As a result of a new law signed by Gov. Jerry Brown on Wednesday, California became the first state to prevent mega-retailers like Amazon from terminating warehouse workers for failing to meet sales goals that interfere with toilet and rest breaks. that grew out of Amazon’s desire to get goods to customers faster. The law was inspired by Amazon’s desire to get goods to customers faster.
The legislation also prohibits Amazon, the online retailing behemoth, and comparable firms from punishing employees for complying with health and safety regulations, and it grants employees the right to sue to have unsafe quotas suspended or retribution reversed. The bill applies to all warehouse distribution sites, despite the fact that its proponents were motivated by Amazon’s overwhelming market share.
Newsom, a Democrat, said in a press release after signing the legislation that “we cannot enable businesses to put profit before people.”
The legislation, known as Assembly Bill 701, was written by Democratic Assemblywoman Lorena Gonzalez, a lawyer and former labour organizer. It was alleged by the plaintiff that Amazon disciplined warehouse workers at the direction of “an algorithm” that tracked employees’ activity and might conclude that anything not directly linked to moving goods was “off-task.”
Gonzalez Statement on California Amazon Retailers
“Amazon is pressuring workers to put their bodies at danger for next-day delivery, while they are unable to do something as simple as use the toilet without fear of retaliation,” Gonzalez said after her bill was passed by the Legislature.
When contacted for comment on her legislation or claims, Amazon did not reply immediately. Large warehouse employers are required to reveal quotas to their employees within 30 days of the law’s passage.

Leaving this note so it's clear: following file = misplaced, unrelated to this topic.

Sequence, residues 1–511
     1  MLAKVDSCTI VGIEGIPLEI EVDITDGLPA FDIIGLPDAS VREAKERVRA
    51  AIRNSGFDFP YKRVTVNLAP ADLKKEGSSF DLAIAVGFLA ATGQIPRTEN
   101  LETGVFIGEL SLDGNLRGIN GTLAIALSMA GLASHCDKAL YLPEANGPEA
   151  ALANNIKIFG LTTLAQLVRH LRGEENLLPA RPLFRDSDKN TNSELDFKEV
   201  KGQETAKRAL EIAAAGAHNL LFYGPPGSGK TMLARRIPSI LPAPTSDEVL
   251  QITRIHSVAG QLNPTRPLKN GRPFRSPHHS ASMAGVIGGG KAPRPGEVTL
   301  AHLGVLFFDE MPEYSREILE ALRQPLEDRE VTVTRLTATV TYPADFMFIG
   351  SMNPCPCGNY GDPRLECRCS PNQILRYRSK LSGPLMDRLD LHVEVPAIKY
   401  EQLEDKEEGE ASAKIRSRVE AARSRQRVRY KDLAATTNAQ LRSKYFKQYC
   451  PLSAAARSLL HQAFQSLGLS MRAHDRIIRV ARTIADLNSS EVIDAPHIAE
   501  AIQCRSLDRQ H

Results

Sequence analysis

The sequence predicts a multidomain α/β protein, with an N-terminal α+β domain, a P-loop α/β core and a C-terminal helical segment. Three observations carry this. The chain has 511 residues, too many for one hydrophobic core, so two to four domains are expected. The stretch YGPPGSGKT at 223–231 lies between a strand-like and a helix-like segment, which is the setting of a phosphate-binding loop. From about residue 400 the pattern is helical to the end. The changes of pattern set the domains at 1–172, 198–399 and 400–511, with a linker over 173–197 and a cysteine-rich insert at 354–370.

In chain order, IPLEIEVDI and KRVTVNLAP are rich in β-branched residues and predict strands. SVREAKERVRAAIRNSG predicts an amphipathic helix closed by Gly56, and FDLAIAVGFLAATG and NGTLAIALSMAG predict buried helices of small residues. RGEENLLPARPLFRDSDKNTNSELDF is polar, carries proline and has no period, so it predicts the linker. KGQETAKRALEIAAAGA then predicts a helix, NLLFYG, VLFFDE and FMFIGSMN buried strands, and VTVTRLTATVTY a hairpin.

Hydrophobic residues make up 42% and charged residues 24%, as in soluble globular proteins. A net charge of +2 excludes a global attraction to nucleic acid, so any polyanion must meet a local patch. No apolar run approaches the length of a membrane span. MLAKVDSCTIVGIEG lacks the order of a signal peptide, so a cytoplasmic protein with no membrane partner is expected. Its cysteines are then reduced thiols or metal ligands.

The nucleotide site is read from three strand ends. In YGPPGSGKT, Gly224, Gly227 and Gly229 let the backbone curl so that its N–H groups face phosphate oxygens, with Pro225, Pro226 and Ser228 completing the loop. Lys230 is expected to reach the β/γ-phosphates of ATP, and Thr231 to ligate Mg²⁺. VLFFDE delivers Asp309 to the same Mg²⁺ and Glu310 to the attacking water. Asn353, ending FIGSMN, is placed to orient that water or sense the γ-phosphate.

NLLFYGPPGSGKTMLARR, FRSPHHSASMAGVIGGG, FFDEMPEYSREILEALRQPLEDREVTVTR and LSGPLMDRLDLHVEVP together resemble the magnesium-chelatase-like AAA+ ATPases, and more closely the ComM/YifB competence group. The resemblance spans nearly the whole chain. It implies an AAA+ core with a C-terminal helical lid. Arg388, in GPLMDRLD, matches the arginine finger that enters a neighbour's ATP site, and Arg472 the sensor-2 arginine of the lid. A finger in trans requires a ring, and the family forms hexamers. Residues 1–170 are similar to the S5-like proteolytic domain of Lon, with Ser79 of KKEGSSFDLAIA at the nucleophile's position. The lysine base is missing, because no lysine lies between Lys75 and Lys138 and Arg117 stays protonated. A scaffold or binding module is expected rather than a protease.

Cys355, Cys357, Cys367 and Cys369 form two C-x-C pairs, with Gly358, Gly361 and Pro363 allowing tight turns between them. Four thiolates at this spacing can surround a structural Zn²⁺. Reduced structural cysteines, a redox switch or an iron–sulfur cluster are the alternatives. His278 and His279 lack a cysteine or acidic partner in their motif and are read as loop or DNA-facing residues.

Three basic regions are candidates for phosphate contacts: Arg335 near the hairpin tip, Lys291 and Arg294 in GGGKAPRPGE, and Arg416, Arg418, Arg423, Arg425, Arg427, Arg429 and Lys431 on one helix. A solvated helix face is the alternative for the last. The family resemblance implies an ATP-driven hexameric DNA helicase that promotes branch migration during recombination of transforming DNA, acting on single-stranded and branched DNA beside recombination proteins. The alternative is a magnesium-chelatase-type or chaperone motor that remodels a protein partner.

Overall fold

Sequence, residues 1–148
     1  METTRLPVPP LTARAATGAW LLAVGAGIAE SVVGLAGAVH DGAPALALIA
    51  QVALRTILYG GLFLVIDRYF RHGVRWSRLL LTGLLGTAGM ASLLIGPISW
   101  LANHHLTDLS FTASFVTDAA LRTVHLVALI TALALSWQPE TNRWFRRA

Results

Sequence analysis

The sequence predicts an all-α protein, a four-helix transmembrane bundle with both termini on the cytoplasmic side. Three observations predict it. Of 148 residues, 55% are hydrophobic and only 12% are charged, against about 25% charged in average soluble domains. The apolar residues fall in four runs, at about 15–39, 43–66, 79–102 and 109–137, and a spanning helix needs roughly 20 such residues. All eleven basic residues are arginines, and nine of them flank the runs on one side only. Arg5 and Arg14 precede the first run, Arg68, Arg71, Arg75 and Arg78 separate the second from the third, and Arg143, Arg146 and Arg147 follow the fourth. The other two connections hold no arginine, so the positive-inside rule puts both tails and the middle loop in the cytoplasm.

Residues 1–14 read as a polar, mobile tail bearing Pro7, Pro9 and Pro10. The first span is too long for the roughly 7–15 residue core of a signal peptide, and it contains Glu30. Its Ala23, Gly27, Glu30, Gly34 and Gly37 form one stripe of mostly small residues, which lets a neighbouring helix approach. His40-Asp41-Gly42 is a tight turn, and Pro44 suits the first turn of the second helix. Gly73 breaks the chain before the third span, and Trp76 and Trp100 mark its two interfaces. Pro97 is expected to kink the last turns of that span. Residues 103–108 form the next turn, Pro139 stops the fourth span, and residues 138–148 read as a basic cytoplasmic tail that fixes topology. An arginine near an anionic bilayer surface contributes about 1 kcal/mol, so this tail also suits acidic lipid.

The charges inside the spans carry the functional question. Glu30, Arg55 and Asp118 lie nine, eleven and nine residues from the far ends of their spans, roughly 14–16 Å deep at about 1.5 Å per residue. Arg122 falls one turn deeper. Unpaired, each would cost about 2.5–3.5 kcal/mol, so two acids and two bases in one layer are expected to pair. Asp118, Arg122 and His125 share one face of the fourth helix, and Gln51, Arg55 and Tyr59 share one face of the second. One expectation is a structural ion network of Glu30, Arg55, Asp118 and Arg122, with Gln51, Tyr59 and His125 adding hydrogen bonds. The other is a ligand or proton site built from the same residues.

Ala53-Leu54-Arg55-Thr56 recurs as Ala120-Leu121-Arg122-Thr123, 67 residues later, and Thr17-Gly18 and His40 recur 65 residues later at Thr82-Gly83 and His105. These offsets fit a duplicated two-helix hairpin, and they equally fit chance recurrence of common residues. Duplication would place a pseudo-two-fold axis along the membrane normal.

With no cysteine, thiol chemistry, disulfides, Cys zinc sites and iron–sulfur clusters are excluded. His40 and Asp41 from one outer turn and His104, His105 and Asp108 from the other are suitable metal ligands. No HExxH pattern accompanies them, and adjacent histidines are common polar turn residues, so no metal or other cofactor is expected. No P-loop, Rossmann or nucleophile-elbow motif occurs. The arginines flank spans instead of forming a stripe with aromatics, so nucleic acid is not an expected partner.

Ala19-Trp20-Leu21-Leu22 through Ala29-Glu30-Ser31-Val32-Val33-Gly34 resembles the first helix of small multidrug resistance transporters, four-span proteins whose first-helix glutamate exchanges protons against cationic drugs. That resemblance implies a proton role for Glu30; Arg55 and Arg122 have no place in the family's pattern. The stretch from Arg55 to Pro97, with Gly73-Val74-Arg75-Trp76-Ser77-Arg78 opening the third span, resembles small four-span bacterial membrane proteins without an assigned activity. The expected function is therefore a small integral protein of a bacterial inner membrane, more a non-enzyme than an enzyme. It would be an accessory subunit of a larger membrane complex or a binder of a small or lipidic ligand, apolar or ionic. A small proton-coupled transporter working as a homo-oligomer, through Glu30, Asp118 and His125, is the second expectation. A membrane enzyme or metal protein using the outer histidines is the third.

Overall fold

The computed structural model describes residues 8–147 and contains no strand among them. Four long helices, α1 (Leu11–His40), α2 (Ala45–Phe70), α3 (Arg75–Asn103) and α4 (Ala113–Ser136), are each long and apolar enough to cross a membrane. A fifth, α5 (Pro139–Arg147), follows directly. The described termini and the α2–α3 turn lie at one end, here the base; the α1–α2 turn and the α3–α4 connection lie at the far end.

Workers who believe their quotas are causing them to behave in a hazardous manner can request 90 days’ worth of paperwork showing how their work pace meets or fails to achieve the quota. Any discipline administered during those 90 days is considered to be retribution, as is any discipline administered within 90 days of an employee filing a complaint with the firm or a state agency about a hazardous quota schedule.
Employees at Amazon, according to statistics from numerous labour advocacy groups, including the Warehouse Worker Resource Center and the Strategic Organizing Center, are considerably more likely than those working in other warehouses to suffer serious accidents, Gonzalez asserted.
According to her bill, if a workplace or business has an annual employee injury rate that is at least 1.5 times larger than the average annual injury rate for the warehousing sector, the firm or jobsite must be closed.
Amazon alone claims to employ more than 150,000 Californians, many of whom work in dozens of “fulfilment facilities,” according to the company. In their statement, industry organizations said that the law is “both costly and excessively broad,” and that employees are already safeguarded by existing occupational safety regulations.
Rachel Michelin Statement
According to Rachel Michelin, President of the California Retailers Association, the proposal “would worsen our present supply chain difficulties, increase the cost of living for all Californians, and remove well-paying jobs.”
According to the Los Angeles County Federation of Labor, which co-sponsored the measure, warehouse employees in California are disproportionately Latino, with 54 percent being Latino and 9.5 percent being Black.
In addition, it asserted, such groups have less employment opportunities and were more likely to suffer during the coronavirus epidemic, which increased customers’ dependency on online purchasing while increasing the profitability of merchants.
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